An insect pest acquires many plant genes

Silverleaf whitefly (Bemisia tabaci). Credit: US Department of Agriculture – Stephen Ausmus

Silverleaf whitefly is a major crop pest in the tropics and subtropics. After studying its genome, the INRAE ​​researcher and the CNRS researcher identified 49 plant genes transferred to the insect’s own genome.

Never before have so many genes been found transferred between plants and insects. These findings open the door to new research into the relationship between plants and insects that could lead to innovative pest control methods and reduce pesticide use.

The war between plants and plant-eating insects goes back millions of years and has drawn both heroes into an arms race. As plants deploy signals and erect physical and chemical barriers, insects develop clever strategies to bypass these barriers. But genes involved in insect adaptations sometimes have surprising origins.

Recent research in 2020 and 2021 showed that two plant genes were transferred into the genome of the silverleaf whitefly (Bemisia tabaci), which with one gene enables the whitefly to neutralize toxins produced by plants as a defense mechanism. Two scientists interested in this finding – one from INRAE ​​and one from CNRS – tried to find out how many plant-derived genes were found in the fully sequenced whitefly genome in 2016. Their current research is published Genome Biology and Evolution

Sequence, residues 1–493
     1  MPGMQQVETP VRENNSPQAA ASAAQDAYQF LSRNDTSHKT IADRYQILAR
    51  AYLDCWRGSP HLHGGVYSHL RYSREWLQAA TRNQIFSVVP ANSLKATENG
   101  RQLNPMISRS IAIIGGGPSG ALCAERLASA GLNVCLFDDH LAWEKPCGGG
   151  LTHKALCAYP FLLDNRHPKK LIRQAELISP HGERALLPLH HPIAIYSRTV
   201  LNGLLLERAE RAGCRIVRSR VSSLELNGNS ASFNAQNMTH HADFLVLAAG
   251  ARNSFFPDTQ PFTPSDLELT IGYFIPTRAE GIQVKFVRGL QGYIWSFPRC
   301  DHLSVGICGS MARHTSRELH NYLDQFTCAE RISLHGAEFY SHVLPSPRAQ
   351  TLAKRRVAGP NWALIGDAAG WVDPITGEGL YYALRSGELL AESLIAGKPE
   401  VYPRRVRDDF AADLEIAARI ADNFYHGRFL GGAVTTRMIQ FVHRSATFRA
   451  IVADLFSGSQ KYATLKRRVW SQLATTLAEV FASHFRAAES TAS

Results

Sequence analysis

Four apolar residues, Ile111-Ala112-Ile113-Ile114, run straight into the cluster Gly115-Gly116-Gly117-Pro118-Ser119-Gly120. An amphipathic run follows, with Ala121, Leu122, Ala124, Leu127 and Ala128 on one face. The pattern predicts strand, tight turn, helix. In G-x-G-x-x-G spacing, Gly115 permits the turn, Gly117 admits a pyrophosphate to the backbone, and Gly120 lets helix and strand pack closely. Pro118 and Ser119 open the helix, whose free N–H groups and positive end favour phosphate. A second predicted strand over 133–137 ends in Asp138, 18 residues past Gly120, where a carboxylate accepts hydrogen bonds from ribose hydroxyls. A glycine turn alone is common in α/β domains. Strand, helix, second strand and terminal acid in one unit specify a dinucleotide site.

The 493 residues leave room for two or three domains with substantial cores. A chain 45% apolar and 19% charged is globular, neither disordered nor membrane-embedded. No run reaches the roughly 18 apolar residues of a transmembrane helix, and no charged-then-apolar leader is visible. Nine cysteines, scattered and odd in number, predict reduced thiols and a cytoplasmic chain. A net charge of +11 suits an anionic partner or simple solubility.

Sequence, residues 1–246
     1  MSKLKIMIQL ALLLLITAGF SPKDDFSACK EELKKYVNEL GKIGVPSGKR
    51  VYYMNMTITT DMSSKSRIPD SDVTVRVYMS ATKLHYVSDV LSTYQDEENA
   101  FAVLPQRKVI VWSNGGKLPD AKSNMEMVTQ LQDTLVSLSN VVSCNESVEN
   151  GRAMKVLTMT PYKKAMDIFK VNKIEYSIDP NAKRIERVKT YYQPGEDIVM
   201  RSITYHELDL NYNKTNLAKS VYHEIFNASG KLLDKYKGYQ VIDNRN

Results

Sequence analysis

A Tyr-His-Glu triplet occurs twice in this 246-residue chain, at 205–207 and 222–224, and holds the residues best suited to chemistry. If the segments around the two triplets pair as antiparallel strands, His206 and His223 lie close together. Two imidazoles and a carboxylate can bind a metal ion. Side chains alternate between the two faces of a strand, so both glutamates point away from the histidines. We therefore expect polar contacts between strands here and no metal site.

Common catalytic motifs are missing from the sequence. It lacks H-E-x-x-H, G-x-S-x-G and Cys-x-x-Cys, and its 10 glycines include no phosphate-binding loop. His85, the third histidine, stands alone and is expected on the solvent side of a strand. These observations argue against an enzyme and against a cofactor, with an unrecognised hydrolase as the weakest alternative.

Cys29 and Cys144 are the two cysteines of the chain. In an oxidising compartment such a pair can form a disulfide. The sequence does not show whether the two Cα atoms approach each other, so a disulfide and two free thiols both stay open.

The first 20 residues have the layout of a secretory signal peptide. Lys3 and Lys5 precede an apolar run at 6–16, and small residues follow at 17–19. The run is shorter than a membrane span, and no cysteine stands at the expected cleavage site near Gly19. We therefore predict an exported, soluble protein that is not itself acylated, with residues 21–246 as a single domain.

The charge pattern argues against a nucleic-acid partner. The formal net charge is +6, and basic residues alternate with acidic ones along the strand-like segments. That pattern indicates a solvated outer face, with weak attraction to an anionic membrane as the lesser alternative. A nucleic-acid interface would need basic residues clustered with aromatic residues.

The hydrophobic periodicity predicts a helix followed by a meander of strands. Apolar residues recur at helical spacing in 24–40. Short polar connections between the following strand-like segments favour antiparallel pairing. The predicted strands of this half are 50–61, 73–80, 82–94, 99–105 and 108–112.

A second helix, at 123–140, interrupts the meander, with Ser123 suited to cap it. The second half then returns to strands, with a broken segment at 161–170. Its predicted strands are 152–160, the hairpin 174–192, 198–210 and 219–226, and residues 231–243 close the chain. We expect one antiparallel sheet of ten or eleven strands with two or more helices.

49 plant-derived genes in the insect genome

The researchers performed a bioinformatics analysis and identified 49 plant genes in the whitefly genome resulting from 24 independent horizontal gene transfer events. Most of these genes show features of functionality, that is, they are expressed in insects and have sequences that show signs of evolutionary pressure and therefore have potential roles in insects.

The researchers’ results also show that most of the genes identified, such as those involved in the production of enzymes that break down plant cell walls, play a known role in the relationship between plants and their parasites. This likely reflects the result of natural selection of plant genes in insects, which may have allowed the whitefly to adapt to a wide variety of plant species. The origin and mechanism of these transfers are still unknown, but they all date back several million years.

This is the first time that so much gene transfer between plants and insects has been identified. This research opens the door to new research on plant-pest relationships as well as crop pest control methods. Understanding the role of transgenes for plants and insects can lead to innovative pest control methods based on plant breeding (varietal selection) that can reduce the use of pesticides.

A plant gene in the insect protects it from leaf toxins

Clément Gilbert et al, Multiple horizontal acquisition of plant genes in the whitefly Bemisia tabaci, Genome Biology and Evolution (2022). DOI: 10.1093/gbe/evac141

Walter J. Lapadula et al, Whitefly genomes contain genes encoding plant-derived ribotoxins, Scientific Reports (2020). DOI: 10.1038/s41598-020-72267-1

Whitefly hijacks plant detoxification gene that neutralizes plant toxins, Jixing Xia et al., Cell (2021). DOI: 10.1016/j.cell.2021.02.014

Provided by INRAE ​​- National Research Institute for Agriculture, Food and Environment

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